Dr. Torney’s research found no correlation between early onset (< 2 years) of dental caries and breastfeeding patterns such as frequent night feeds, feeding to sleep, etc. He concluded that under ordinary circumstances, the antibodies in breast milk destroy the oral bacteria causing decay.


Breast milk contains lactoferrin which has antimicrobial activity and kills Streptococcus mutans. However, the protective effect of breast milk may not be sufficient to counteract the combined effect of the bacteria and the sugars in the milk for children with small defects in the tooth enamel. In these children, weaning may have the opposite effect due to the absence of lactoferrin.

On the other hand, there are studies that suggest mom should be aware of the effects of breastfeeding past 6 months. Another study conducted by Dr Karen Peres on children in Brazil, found that kids who were breastfed for longer than two years were almost 2,5 times more likely to experience cavities than those breastfed for less than one year. It pointed to factors such as difficulty cleaning teeth during nocturnal breastfeeding.

However, the same study identified that the risk for dental caries did not increase when breastfeeding between 12 and 23 months. The study also found an association for socioeconomic characteristics that can contribute to a higher risk of a child having dental caries. Other studies also concluded that children who breastfed for more than 24 months were at a higher risk for tooth decay.

A study by Carrillo-Díaz, Ortega-Martínez et al on the impact of breastfeeding and cosleeping on early childhood caries (ECC) suggests that breastfeeding from 18 months onwards is considered a risk factor for ECC because babies breastfeed frequently at night and the mother is unable to carry out oral cleaning when sleeping, thereby allowing the development of carious lesions.

A study by Erickson in 1999 found that baby teeth immersed in breast milk became stronger. However, the decaying effect was worse in breast milk and sugar than a normal sugar solution. If a baby’s diet contains lots of additional carbohydrates/sugars, they are at a higher risk for developing tooth decay.

Can breastfed babies get tooth decay? Yes.

Is breast milk the direct cause of cavities? I don’t believe it is, breastmilk alone does not appear to be the cause. Traditionally babies who breastfed at night had little to no decay.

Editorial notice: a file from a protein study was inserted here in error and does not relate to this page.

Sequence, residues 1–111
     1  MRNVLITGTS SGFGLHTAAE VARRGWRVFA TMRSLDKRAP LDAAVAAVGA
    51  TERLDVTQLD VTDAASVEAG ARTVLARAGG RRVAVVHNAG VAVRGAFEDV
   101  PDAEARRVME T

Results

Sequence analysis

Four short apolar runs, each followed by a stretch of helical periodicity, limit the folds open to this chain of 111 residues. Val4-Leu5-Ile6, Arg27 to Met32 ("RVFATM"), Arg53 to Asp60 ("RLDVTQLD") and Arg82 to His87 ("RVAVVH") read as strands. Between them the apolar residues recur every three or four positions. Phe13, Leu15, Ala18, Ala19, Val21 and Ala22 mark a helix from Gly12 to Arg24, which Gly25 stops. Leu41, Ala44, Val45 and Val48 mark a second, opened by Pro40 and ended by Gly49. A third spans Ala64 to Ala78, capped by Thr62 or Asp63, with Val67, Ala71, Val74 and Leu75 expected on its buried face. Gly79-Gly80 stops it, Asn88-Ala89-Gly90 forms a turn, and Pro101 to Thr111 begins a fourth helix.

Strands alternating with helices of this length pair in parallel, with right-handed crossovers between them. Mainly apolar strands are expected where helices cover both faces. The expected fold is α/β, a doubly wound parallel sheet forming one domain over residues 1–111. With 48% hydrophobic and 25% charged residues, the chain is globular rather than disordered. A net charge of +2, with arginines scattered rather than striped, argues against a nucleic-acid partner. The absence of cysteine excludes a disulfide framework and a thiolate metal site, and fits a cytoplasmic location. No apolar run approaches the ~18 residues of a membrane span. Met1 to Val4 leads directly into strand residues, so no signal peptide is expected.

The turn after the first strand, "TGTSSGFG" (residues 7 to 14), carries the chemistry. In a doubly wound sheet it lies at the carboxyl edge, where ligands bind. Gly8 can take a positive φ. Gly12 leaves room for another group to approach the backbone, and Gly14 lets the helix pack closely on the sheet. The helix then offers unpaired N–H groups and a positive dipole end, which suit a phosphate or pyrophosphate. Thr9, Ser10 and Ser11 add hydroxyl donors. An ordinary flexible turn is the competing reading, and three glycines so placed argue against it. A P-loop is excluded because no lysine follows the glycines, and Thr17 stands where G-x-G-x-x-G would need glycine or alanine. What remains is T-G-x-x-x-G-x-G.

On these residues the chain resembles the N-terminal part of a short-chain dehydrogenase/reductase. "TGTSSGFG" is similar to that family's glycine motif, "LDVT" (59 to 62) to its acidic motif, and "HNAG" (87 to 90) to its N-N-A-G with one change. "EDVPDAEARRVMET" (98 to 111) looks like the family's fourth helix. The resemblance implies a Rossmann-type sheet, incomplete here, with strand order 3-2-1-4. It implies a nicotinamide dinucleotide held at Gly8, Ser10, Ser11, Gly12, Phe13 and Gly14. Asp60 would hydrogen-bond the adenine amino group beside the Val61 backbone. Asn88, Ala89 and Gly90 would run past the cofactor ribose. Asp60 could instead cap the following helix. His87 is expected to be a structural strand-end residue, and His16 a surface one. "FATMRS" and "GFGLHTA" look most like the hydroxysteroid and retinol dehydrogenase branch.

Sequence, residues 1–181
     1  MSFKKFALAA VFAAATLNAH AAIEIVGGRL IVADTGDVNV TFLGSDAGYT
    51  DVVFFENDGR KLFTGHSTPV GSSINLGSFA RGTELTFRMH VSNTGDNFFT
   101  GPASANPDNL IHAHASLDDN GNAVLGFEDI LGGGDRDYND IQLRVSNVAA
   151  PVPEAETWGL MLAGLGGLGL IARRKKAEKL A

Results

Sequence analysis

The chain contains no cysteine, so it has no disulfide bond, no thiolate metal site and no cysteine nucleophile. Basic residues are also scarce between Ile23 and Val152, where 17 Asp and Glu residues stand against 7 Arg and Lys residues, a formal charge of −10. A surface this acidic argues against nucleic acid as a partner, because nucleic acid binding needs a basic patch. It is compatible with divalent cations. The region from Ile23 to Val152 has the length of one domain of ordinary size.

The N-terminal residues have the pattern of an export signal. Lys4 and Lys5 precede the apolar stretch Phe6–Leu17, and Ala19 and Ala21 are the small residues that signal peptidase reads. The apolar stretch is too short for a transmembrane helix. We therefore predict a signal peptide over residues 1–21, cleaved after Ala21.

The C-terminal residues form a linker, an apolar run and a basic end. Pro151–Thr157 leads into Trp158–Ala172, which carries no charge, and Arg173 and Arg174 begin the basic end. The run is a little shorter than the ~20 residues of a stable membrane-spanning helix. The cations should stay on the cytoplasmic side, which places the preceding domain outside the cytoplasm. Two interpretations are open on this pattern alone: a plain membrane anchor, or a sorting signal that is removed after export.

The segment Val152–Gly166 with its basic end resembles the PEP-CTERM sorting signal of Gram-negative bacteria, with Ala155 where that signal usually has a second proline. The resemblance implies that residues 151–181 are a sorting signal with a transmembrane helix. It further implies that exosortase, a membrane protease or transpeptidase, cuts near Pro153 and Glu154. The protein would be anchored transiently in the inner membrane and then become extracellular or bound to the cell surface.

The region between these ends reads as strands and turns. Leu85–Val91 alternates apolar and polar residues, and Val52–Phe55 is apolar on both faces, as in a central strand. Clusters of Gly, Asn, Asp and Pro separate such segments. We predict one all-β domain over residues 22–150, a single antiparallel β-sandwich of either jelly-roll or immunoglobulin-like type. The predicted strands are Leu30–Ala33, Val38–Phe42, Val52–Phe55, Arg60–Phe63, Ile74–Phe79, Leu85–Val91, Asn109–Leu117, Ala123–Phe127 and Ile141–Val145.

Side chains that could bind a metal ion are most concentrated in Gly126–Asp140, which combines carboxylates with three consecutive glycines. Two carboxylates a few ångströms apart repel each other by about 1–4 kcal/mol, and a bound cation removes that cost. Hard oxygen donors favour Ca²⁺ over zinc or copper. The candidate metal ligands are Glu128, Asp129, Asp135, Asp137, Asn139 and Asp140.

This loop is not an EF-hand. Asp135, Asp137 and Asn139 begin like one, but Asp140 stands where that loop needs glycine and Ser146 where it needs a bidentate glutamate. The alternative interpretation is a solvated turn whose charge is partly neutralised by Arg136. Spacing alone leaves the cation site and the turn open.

The antibodies in breast milk may even counter the bacteria to prevent tooth decay. Breast milk also contains lactoferrin and has a few tooth-strengthening properties.

Habits, diet, and the presence of cavity causing bacteria play a crucial role. Breastfeeding moms may feed on demand, day and night, and while the natural sugars in breast milk can possibly kickstart the process for the cavity causing bacteria, the risk increases when other fermentable carbohydrates are also present.

Studies show that when babies start eating other foods and drinks, some of which are high in sugar, this is what contributes to tooth decay, rather than breastfeeding itself. Which probably explains why we consider prolonged breastfeeding to be an issue.

Good oral hygiene is important especially at night when they produce less saliva. Not cleaning their mouths before bedtime increases the risk of tooth decay in the presence of bacteria and other sugars.

A baby who is exclusively breastfed unless genetically predisposed, will not get dental caries. The baby that has a genetic enamel defect may have greater decay if weaned too soon due to the lack of lactoferrin. Almost all cavities in infants are caused by supplemental foods, sugars, and other substances besides breast milk. Factor in poor oral hygiene and Streptococcus mutans and the risk increase.

Here are 9 tips to avoid tooth decay in breastfed babies:

breastfeeding and tooth decay

  • Avoid sharing utensils or toothbrushes with your baby or toddler, or by letting them stick their fingers in your mouth.

  • Avoid cleaning their pacifier with your own saliva.

  • Avoid using your breast as a pacifier. If your baby falls asleep while breastfeeding it is wise to remove your breast from their mouth.

  • It is also important that you practice good oral hygiene.

  • Limit sugar intake (and frequency) which bacteria need to survive.

  • Clean your baby’s gums even before her first teeth erupt. Wipe them with a damp washcloth or gauze.

  • Start brushing as soon as the first tooth appears. Wet a baby toothbrush and gently rub it back and forth on the surface of the tooth and along the gum line. Try to do this twice a day.

  • Clean your baby’s mouth after medication (especially sweet syrups).

  • Try to reduce the amount of time that sugary substances contact the teeth.



Rated 0 out of 5 stars.
No ratings yet

Add a rating
bottom of page